Most people are probably familiar with textures, or more specifically, texture maps: 2D images that are applied to the surface of a 3D model. The most commonly used texture maps, diffuse maps, define the default color of an object and its various details. Of course, texture maps come in a variety of flavors, characterized by their particular target attribute. Here are two of the primary suspects responsible for the perceived level of detail in the Ground Zeroes demo.
Specular maps: Artists use specular maps to define the way lighting affects 3D models. Altering the value (where white is "high" and black is "low") of the details in a specular map will increase or decrease the potential influence of light on the models' default color.
Normal maps: To put details into a model without increasing poly counts, normal maps dictate the slope of a surface, usually generated from a high-res model and applied to another version with simpler geometry. Rather than adding or displacing the geometry of the model in question, normal maps define the interaction of light with the model, and ultimately, the camera. Both of these map types are used to great effect in the XOF patches that are thrown out of the helicopter, just after the 7-minute mark of the demo. Of course, the same instance also reveals the inherent deficiencies of these techniques and the target hardware.
The great thing about normal maps is their ability to add relief to a polygon's face without adding extra geometry, but what they can't do is actually change the geometry proper. This is why you see crisp edges and angles on the XOF patch, rather than smooth curves. In order to transform visible edges into curves, the game must support tessellation. By the time Metal Gear makes its debut on the next generation of consoles, we can look forward to tessellation and other techniques that will have a significant impact on in-game graphics.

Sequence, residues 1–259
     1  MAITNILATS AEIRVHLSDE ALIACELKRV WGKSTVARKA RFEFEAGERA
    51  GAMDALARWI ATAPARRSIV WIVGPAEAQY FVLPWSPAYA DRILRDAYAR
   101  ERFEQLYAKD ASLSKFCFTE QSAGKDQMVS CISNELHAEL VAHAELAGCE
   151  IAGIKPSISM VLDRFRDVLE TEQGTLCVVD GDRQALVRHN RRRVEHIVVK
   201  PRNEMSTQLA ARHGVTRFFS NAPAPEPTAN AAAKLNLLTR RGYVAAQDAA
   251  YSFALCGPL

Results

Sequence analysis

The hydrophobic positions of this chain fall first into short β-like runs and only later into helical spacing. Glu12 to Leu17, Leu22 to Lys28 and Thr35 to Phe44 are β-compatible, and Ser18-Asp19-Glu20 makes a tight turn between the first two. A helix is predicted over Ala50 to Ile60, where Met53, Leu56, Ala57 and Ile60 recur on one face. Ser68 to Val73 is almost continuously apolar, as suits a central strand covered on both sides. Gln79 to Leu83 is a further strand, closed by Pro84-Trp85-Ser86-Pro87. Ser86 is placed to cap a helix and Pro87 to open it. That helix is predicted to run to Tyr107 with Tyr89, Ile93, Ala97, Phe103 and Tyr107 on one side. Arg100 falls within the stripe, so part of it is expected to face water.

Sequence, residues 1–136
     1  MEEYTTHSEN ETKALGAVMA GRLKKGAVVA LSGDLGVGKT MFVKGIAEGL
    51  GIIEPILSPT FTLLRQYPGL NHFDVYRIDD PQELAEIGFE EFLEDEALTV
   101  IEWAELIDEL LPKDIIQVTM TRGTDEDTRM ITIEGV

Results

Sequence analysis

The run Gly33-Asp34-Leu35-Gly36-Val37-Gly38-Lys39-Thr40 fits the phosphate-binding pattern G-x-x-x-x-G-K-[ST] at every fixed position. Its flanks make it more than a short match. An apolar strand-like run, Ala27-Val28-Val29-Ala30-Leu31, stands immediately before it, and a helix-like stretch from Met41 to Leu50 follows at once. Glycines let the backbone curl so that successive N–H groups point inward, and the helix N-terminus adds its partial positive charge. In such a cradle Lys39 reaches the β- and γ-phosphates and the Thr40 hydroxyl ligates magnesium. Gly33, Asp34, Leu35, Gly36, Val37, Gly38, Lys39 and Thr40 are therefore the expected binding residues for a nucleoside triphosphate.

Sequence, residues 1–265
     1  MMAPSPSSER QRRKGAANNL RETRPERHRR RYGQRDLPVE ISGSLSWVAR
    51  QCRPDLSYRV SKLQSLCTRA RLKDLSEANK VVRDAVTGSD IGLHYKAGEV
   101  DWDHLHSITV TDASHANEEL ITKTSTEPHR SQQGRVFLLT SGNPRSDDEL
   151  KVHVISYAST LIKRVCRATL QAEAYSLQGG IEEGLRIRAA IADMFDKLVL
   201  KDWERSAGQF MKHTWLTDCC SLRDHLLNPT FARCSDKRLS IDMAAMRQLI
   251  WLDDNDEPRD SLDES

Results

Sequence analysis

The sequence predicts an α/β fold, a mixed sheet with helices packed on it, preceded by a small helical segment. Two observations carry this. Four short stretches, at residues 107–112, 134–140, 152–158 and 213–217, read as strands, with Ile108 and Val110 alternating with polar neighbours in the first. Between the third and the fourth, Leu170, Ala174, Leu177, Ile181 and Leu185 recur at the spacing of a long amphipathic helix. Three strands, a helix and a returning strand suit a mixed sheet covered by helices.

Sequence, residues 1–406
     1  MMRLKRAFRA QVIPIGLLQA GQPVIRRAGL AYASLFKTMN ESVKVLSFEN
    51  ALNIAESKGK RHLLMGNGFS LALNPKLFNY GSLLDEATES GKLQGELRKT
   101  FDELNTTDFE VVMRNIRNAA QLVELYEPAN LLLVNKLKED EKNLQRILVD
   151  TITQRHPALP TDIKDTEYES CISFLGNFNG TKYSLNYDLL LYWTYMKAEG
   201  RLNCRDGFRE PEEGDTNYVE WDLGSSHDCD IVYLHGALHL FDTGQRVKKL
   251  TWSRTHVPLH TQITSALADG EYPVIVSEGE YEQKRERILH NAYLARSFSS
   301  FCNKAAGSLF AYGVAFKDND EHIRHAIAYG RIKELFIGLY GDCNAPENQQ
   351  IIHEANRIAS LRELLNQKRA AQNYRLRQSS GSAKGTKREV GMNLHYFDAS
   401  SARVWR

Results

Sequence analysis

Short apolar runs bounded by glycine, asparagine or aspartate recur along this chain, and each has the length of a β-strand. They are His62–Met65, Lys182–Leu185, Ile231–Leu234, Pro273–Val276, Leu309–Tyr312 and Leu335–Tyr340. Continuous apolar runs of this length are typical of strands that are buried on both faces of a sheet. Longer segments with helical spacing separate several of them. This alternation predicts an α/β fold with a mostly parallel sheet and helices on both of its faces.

Tessellation: The process of dividing geometry, resulting in a mesh with increased geometry and vertices, allowing for greater detail potential and surface manipulation.
While the simple model sits in RAM, tessellation divides its geometry during processing. This method requires fewer resources than tracking a traditional, high-poly model.
Once tessellation is applied, artists can then move forward, replacing normal maps with displacement maps. Where normal maps dictate the angle at which light bounces off a surface, faking detail, displacement maps actually deform a model with enough vertices to deform, creating detail rather than implying it.
Displacement maps: A 2D image that translates surface elevation to a 3D model, deforming vertices and edges according to the maps' features.
Displacement maps are great, but they require a lot of geometry in order to properly displace details. In some cases, console games are already using displacement maps. It's highly likely that there are elements within the Ground Zeroes demo that feature displacement maps, but it's clear that objects with stiff edges don't have the right ingredients, such as tessellation, to take advantage of it.
Kojima did state that the demo was targeted at the current generation of consoles, so it's not news that we're inclined to believe him, but with such impressive visuals on display, discovering current-gen problems within the demo gives his comments credence. The final product will have to account for the biggest variable in any game, the player, which means Kojima and company won't be able to rely on camera and lighting tricks all the time. But if the demo is any indication of the potential for Ground Zeroes' graphics, then it looks like there is still room for other developers to squeeze a little more power out of our six-year-old consoles.